Innovation in the Legal Sector

Posted on 20/2/2017 by Katherine Memery

Traditionally known as being risk-averse, until recently, lawyers have been reluctant to embrace change. However, many firms are now realising that they must innovate in order to succeed in today’s ultra-competitive market.

Lawyers can no longer rely on conventional ways of working. Firms are beginning to explore how they can offer greater value to increasingly demanding clients, increase efficiency and improve accuracy. While innovation is commonly associated with the introduction of new technology, change is now also taking place in client service delivery and project management.

Meeting client expectations

Clients are more tech-savvy than ever before and buying habits have changed significantly. Across all sectors, consumers have come to expect better and faster communication and slick service delivery.

Clients often research legal services online before making a decision about whom they should instruct. It is essential that firms have a strong web presence and a user-friendly website providing information, guidance and positive client reviews.

Some law firms are also taking steps to update their communication channels and are reaching clients by offering a range of online options such as web portals or mobile apps. By adopting innovative technology, lawyers can reduce costs and increase outputs; this will enable them to offer exceptional value for money to existing clients and win new business.

Attracting the best talent

Technology can address the demand for flexible and remote working opportunities. Investing in technology to enable safe and secure remote working allows lawyers to work from any location. Agile working, proven to help and attract the best people, also helps firms to be more efficient and responsive to clients by providing a more continuous service.

Lawyers are also innovating the structure of their businesses and have recognised the value of bringing in personnel with varied skillsets. Firms are appointing more non-lawyers in management and marketing positions because of the different experience and abilities they can bring to the table.

The emergence of artificial intelligence (AI)

Technology is becoming a major solution in the quest for greater efficiency. Legal tech companies have shaken up the legal sector by exploring the extent to which the cognitive domain of lawyers can be automated.

AI can already carry out basic and process-driven legal tasks usually done by junior lawyers and paralegals. Riverview Law, for example, has teamed up with the Computer Science Department at the University of Liverpool to launch Kim, a virtual legal assistant designed to help in-house teams make quicker and better decisions.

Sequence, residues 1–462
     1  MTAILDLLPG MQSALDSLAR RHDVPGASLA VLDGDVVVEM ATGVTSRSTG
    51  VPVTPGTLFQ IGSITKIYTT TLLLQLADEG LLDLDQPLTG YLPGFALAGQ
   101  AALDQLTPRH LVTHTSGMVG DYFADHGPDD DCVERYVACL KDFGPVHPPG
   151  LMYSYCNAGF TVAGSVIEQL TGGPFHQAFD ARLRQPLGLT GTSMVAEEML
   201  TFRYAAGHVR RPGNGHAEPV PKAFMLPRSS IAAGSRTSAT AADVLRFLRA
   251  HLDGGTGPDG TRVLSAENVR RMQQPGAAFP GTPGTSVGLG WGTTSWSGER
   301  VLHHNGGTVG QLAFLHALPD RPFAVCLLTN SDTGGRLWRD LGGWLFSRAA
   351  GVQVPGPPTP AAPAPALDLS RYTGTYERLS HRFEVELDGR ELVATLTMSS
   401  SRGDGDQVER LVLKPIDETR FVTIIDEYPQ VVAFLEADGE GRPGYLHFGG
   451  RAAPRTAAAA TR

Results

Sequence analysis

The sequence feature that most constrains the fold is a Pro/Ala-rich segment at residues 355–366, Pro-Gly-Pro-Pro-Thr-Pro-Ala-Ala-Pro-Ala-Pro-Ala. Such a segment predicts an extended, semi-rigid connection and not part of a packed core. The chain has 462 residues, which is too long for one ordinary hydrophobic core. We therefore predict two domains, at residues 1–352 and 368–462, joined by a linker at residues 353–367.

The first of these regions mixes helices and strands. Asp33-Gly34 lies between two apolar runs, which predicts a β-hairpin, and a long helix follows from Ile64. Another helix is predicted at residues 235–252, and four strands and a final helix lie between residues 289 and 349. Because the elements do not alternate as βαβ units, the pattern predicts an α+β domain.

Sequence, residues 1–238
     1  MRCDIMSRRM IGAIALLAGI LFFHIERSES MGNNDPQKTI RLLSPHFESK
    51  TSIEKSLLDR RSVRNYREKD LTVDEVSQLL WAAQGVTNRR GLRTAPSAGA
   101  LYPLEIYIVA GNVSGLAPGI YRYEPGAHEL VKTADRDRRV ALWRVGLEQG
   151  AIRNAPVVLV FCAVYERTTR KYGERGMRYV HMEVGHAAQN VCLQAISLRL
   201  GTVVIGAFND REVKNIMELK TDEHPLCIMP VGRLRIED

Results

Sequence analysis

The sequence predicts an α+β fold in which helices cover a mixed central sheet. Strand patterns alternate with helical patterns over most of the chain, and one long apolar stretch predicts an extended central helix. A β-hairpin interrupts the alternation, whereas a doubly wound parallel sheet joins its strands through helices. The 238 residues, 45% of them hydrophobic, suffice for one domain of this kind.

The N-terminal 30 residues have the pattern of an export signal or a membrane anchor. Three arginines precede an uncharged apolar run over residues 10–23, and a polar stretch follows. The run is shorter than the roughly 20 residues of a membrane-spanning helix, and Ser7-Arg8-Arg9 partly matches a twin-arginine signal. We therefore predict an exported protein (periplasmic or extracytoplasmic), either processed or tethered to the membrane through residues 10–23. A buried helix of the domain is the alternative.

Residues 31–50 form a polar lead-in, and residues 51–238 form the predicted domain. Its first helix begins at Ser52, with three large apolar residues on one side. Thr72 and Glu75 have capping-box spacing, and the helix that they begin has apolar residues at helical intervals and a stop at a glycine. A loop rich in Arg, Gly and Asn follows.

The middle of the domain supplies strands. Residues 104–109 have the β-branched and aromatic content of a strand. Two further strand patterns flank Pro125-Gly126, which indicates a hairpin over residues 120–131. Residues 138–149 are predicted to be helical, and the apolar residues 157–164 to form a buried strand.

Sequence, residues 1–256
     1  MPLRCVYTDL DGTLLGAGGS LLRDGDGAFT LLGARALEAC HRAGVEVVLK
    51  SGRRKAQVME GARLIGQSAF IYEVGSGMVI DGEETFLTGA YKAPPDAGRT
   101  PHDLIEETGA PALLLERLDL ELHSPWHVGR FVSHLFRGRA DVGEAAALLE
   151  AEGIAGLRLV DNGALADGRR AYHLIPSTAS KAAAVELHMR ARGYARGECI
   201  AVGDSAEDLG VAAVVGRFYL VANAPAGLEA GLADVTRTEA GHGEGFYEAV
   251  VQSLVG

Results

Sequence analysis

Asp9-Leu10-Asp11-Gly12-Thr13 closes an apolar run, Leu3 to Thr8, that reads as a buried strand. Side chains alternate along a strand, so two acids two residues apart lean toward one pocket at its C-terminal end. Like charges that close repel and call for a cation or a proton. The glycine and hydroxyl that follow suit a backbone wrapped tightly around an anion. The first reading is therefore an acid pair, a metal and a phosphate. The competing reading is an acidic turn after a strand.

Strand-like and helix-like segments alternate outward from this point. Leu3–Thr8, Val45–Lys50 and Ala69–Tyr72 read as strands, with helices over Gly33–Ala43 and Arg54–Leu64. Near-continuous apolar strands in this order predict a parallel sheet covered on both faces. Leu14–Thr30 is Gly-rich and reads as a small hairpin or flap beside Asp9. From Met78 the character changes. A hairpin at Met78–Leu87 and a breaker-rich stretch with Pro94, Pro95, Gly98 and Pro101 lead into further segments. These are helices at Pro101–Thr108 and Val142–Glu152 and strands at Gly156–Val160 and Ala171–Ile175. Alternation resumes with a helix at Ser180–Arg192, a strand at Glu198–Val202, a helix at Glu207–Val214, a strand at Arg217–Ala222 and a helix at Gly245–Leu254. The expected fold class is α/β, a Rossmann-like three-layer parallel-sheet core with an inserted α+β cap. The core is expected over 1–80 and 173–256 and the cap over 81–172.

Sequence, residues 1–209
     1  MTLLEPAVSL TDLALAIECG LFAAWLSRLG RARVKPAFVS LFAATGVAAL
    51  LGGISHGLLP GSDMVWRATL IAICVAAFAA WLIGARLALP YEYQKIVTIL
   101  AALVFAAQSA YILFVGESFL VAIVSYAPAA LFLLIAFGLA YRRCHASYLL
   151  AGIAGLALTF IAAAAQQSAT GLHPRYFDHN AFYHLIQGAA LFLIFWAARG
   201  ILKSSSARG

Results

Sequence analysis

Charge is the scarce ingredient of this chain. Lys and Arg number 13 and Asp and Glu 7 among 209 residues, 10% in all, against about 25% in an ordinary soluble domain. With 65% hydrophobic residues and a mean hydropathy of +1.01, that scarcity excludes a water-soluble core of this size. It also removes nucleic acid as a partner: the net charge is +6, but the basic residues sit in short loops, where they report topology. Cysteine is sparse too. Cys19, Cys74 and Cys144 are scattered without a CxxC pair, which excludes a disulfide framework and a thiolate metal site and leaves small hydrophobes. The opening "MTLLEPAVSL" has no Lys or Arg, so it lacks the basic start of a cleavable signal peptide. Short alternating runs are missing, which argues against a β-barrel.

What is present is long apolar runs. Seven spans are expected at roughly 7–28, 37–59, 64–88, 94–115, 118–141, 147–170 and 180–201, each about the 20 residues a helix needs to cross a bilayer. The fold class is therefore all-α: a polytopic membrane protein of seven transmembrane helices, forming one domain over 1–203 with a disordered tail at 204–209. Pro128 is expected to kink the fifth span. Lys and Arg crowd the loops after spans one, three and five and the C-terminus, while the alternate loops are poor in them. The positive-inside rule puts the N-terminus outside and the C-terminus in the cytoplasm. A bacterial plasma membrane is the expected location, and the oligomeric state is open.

Inevitably, there are lingering concerns and a fear that the rise of AI could lead to certain legal roles becoming obsolete. However, it is hoped that this technology will enable lawyers to focus on complex, higher-value tasks and ensure that the right people are carrying out the right work.

The introduction of artificial intelligence will alter legal service delivery by easing communication between lawyers and clients. There are some who remain sceptical about the ability of technology to work more effectively and deliver a better legal service than a must-trusted lawyer. Not everyone can fully appreciate the power of technology to analyse a legal situation or offer sound legal options. The familiarity of and the strategic insight stemming from the human-to-human relationship will still be favoured by many large corporations and discerning private clients. 

Intuitive case management systems

While voice recognition and touch screen technology are now prevalent in our private lives, they have yet to arrive in the office. Computerised case management systems can sometimes be clunky, inefficient and slow to operate. An intuitive case management system would revolutionise the way lawyers work. By allowing solicitors to dictate an email, ask their computer bring up the case they want or all the documents they need to read, the software would streamline the process of case management and allow them more time to work on more complex tasks.

The perfect system is yet to be designed, it is, however, highly likely that intuitive case management software will become commonplace within the next few years.

More than ever before, lawyers have huge opportunities to drastically improve the way they work and the services they offer. To remain relevant, it’s essential that firms are creative and on the lookout for ways to revolutionise. After a slow start, lawyers are increasingly welcoming innovation, making their working lives more stimulating, exciting, imaginative …and, it has to be said, profitable. Those that fail to do so are at serious risk of being left behind.

 

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